LAW OF THE LAND: ‘Short’ sales — a good deal for everyone

William Martin

Declining real estate values have resulted in a number of people owning property that is “underwater.” In other words, worth less than the amount of the mortgage. In order to get out from under the mortgage, these homeowners may want the lender to approve a “short sale.”

A “short sale” occurs when a lender agrees to accept less than the outstanding loan amount to satisfy the seller’s loan. A short sale allows both the lender and the distressed property owner to avoid foreclosure by selling the property at a loss.

If your lender agrees to a short sale, you then hire a real estate agent to find a buyer for the house, you sell the house for a loss, and the bank accepts the loss, thereby avoiding the expense and delay of foreclosure. Some lenders are even willing to contribute funds in order to pay closing costs and other expenses.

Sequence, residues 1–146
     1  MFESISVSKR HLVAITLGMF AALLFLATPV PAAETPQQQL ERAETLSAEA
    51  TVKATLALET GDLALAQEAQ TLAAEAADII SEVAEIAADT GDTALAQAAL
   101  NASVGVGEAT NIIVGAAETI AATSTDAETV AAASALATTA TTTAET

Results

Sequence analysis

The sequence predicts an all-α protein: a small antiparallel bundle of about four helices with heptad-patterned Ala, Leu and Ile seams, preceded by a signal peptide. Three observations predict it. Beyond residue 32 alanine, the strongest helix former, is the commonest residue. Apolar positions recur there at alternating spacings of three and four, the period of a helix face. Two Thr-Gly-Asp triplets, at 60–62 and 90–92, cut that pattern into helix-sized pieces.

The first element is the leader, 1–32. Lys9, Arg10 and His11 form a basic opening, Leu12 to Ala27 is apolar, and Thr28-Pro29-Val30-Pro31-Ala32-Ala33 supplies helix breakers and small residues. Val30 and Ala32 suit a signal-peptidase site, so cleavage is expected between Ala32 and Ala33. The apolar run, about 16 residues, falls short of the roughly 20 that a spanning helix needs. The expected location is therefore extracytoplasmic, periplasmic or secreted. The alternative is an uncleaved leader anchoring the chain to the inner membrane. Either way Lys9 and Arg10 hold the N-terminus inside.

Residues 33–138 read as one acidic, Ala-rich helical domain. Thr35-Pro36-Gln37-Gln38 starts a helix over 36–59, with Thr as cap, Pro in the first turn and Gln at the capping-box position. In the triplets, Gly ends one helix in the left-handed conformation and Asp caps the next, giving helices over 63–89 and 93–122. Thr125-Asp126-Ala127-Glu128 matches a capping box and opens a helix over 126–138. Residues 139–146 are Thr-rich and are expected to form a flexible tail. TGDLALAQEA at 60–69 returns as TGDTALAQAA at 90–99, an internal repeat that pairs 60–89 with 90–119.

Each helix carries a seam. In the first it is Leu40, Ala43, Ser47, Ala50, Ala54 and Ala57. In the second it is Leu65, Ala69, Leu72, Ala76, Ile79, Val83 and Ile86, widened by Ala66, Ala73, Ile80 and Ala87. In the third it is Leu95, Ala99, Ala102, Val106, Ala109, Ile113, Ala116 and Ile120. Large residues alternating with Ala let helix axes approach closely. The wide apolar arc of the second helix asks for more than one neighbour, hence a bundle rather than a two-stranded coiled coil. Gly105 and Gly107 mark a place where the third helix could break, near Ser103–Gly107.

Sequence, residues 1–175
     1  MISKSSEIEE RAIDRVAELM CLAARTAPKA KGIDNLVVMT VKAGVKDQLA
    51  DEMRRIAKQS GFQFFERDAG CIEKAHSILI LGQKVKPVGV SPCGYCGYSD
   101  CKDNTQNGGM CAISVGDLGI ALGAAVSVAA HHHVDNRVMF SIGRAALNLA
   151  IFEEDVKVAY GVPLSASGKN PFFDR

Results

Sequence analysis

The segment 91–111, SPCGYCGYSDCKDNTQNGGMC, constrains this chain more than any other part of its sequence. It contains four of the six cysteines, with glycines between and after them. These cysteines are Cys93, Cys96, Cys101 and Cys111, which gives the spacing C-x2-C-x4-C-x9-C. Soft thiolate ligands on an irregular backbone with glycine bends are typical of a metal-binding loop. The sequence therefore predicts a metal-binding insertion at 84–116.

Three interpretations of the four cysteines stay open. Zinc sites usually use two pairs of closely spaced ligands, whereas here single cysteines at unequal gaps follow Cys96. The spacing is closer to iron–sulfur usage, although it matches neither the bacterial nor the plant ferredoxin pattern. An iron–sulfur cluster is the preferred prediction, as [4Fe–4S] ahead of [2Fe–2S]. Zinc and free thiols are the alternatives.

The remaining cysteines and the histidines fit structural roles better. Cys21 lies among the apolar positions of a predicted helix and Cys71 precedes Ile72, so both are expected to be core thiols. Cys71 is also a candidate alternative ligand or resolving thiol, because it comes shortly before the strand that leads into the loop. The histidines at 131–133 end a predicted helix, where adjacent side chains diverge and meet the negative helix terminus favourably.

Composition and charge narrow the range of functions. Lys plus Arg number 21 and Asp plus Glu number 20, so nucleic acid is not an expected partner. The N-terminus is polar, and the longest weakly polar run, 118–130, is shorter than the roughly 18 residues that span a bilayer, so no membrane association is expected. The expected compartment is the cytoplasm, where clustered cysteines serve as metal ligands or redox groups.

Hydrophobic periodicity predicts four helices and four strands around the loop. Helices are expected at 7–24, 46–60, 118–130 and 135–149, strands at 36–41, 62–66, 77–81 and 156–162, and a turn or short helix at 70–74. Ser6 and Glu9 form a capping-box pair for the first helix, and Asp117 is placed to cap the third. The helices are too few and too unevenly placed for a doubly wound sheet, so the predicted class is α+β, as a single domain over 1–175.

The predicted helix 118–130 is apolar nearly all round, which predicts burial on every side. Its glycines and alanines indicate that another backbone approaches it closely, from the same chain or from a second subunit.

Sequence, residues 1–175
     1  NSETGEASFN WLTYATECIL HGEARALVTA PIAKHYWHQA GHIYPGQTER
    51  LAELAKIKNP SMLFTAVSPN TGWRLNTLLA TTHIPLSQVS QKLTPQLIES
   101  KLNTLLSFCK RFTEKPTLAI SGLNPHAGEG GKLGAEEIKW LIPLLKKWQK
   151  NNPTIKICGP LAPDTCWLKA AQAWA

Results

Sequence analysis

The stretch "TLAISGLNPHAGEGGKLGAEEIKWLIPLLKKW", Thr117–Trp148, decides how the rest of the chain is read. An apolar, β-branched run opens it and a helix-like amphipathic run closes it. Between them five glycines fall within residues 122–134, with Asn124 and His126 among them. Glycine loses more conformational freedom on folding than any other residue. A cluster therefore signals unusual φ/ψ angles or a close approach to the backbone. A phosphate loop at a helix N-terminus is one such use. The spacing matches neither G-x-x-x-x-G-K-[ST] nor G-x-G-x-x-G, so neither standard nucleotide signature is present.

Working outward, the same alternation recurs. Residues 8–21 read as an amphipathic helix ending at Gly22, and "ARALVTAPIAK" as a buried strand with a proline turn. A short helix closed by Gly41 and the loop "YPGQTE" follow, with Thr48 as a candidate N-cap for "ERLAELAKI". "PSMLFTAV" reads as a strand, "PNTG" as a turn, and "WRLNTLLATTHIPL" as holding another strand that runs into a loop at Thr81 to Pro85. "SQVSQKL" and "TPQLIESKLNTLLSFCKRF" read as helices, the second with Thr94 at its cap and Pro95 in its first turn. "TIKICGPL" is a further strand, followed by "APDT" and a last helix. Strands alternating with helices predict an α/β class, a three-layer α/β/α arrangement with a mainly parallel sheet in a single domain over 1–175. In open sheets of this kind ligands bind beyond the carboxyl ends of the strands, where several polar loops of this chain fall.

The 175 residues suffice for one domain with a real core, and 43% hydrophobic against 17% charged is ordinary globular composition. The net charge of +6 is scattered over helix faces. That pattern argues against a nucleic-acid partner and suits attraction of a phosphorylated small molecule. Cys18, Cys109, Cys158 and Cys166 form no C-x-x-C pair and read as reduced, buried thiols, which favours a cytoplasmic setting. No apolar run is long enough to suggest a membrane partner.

Short sales are more complicated and time consuming than an average real estate sale, making it important to retain an experienced real estate attorney to oversee and negotiate the transaction. It is equally important to retain a real estate professional experienced with short sales.

Bill Martin formerly served as a senior attorney in the FDIC’s Professional Liability and Financial Crimes Section. He is currently associated with Crew & Crew, P.A. where he practices corporate, banking, real estate, construction, government, and commercial law. Prior to becoming a lawyer, Bill was an Air Force officer and a B-52 and B-1B pilot.